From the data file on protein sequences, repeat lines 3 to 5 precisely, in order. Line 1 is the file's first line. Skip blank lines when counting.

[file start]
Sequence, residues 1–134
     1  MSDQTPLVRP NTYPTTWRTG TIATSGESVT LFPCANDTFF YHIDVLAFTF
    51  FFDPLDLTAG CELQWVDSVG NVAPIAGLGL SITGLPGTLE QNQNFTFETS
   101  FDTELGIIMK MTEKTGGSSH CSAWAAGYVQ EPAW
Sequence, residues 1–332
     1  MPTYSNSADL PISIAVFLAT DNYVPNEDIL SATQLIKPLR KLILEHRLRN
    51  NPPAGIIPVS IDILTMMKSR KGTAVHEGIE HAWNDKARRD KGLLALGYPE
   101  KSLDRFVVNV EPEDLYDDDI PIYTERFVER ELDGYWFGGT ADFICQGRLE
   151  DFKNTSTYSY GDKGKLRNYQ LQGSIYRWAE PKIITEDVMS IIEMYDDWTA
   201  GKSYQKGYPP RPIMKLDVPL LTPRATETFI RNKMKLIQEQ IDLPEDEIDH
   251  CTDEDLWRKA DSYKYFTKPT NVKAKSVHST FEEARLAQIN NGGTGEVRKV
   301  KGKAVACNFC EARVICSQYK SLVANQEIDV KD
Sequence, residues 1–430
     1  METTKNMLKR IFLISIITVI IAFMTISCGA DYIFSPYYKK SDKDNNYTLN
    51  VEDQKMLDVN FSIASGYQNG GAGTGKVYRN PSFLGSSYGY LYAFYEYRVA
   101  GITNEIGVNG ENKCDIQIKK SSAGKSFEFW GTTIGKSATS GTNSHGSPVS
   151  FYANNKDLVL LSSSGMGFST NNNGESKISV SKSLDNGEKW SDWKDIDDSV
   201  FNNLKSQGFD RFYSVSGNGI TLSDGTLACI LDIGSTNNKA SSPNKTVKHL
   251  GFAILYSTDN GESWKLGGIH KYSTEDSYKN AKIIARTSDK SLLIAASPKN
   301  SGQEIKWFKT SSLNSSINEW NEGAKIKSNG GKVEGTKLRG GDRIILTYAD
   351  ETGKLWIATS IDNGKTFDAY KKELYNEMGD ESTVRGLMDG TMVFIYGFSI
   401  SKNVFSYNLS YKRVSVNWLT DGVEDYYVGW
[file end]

    51  FFDPLDLTAG CELQWVDSVG NVAPIAGLGL SITGLPGTLE QNQNFTFETS
   101  FDTELGIIMK MTEKTGGSSH CSAWAAGYVQ EPAW
Sequence, residues 1–332